out-of-pocket-costs Get a free health insurance quote

Shop now for
2016 coverage.

Coverage gap?

Inexpensive plans, for up to a year.

Shop Short Term plans

Qualifying event?

You can still shop for ACA plans.

Shop Obamacare plans

I earn just $22,000 a year. How can I afford the out-of-pocket costs of health insurance?

  • By
  • healthinsurance.org contributor
  • April 10, 2016

Q.  I’ll turn 26 soon, and will lose access to coverage under my parents’ health plan. I understand that I am expected to buy insurance, and that I will receive a tax credit from the government to help me cover premiums. But the cheapest Bronze plans all seem to come with deductibles in excess of $5,000 or $6,000, and out-of-pocket maximums that are nearly $7,000. Where am I supposed to come up with that sort of money? I earn just $22,000 a year.

A. It’s true that deductibles and out-of-pocket maximums on bronze plans are quite high. In 2016, the maximum out-of-pocket (OOP) allowed on any plan is $6,850 (increasing to $7,150 in 2017). And bronze plans tend to have out-of-pocket limits at or nearly at this limit.

But there’s another subsidy – in addition to the premium tax credit subsidy – that you should know about. It’s called the cost-sharing subsidy, or cost-sharing reduction. As long as your income doesn’t exceed 250 percent of the poverty level, you’re eligible for cost-sharing subsidies. These subsidies are automatically included in your plan if your income makes you eligible, as long as you buy a silver plan. Unlike premium subsidies (which can be used on any bronze, silver, gold, or platinum plan) cost-sharing subsidies are only available on silver plans.

Cost-sharing subsidies do two things. They reduce the copays, deductibles, and coinsurance so that you pay less each time you use your coverage. And they also reduce the maximum out-of-pocket on your plan, so that you pay less overall if you end up needing a lot of medical care throughout the year.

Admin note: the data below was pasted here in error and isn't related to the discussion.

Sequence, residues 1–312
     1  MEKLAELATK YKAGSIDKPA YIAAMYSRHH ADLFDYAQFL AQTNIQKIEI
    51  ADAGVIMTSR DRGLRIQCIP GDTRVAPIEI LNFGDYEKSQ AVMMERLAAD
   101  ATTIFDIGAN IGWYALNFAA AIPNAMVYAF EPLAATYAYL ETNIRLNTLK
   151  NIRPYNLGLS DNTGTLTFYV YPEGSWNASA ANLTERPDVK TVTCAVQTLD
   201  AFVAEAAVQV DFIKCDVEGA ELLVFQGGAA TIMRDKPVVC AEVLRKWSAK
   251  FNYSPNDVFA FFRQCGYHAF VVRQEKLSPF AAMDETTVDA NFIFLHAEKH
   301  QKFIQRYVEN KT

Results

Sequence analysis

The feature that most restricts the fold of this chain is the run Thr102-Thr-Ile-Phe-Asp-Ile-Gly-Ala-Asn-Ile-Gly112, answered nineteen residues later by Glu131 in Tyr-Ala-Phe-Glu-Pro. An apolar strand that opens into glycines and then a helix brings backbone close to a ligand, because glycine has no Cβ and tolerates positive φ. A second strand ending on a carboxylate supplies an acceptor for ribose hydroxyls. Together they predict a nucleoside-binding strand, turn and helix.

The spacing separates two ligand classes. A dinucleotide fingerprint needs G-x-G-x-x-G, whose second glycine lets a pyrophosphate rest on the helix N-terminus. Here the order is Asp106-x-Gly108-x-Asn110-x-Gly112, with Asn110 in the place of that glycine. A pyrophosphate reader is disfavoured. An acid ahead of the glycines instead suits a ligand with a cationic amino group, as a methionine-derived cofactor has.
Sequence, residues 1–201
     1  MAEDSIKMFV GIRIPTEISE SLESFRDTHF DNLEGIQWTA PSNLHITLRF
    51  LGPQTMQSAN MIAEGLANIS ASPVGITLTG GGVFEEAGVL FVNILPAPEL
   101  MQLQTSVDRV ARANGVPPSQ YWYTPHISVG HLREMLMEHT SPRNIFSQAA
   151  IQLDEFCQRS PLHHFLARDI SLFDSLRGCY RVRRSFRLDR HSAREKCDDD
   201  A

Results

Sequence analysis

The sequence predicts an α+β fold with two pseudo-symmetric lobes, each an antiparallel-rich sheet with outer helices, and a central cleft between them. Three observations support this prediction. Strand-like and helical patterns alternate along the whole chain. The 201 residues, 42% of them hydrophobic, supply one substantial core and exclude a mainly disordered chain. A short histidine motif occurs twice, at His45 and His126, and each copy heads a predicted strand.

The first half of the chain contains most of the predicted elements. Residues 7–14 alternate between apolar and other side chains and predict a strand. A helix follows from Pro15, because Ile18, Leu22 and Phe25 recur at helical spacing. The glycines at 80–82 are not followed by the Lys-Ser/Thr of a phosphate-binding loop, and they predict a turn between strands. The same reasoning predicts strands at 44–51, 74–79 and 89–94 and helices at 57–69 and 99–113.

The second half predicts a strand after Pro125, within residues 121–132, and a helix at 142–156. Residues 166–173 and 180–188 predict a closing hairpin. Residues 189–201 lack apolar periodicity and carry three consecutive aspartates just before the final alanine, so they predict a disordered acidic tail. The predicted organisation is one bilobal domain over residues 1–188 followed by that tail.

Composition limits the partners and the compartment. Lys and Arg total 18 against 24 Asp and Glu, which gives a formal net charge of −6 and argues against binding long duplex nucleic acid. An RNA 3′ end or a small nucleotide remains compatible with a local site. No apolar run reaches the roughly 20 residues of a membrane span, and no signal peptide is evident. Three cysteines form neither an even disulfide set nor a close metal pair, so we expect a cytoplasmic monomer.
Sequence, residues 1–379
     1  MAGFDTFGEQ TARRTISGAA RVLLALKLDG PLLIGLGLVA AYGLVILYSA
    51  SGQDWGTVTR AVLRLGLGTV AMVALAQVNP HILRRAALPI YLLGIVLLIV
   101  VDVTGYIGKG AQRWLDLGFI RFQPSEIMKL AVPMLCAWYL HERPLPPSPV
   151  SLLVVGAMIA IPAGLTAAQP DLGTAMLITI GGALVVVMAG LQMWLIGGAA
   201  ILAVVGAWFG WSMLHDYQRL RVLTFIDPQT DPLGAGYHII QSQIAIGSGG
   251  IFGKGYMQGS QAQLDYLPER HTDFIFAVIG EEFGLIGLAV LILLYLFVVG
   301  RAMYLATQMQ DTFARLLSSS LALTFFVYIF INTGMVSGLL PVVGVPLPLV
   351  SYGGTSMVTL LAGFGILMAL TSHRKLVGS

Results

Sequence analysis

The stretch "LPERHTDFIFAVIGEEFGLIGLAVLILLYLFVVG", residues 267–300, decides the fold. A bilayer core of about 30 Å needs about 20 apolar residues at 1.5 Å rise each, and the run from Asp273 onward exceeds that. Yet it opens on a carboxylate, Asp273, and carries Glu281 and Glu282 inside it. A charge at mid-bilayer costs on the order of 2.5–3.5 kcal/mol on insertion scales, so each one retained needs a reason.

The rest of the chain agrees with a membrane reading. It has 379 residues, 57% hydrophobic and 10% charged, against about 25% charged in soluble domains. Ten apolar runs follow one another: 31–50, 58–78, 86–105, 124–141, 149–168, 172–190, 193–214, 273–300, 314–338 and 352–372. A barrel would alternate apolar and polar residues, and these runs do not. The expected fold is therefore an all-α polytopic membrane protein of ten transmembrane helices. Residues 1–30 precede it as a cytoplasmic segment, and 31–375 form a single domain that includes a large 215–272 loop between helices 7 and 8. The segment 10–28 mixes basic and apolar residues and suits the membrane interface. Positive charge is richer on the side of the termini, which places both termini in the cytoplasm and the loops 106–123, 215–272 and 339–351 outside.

******************************************************************************

For 2016 coverage, HHS has capped maximum out-of-pocket on silver plans as follows:

If You Earn                 Your Silver Plan OOP Costs Are Capped At:

$11,770 – $23,540                                $2,250

$23,540 – $29,425                                $5,450

*****************************************************************************

For 2017 coverage, HHS has capped maximum out-of-pocket on silver plans as follows:

If You Earn                 Your Silver Plan OOP Costs Are Capped At:

$11,880 – $23,760                                $2,350

$23,760 – $29,700                                $5,700

*****************************************************************************

These numbers are adjusted annually by HHS, in the Notice of Benefit and Payment Parameters that’s published in February/March, applicable to the following year’s plan designs.

If you earn $22,000 per year, you’re under 200 percent of the poverty level, which means your out-of-pocket maximum will be capped at $2,250 in 2016, and $2,350 in 2017. But that’s dependent upon you selecting a silver plan in the exchange when your coverage under your parents’ plan expires. If you buy a bronze plan instead, you’ll pay less in premiums, but you’ll be on the hook for the full out-of-pocket exposure that comes with bronze plans. As long as you buy a silver plan, your cost-sharing subsidies will be incorporated in the plan based on your income.

Comments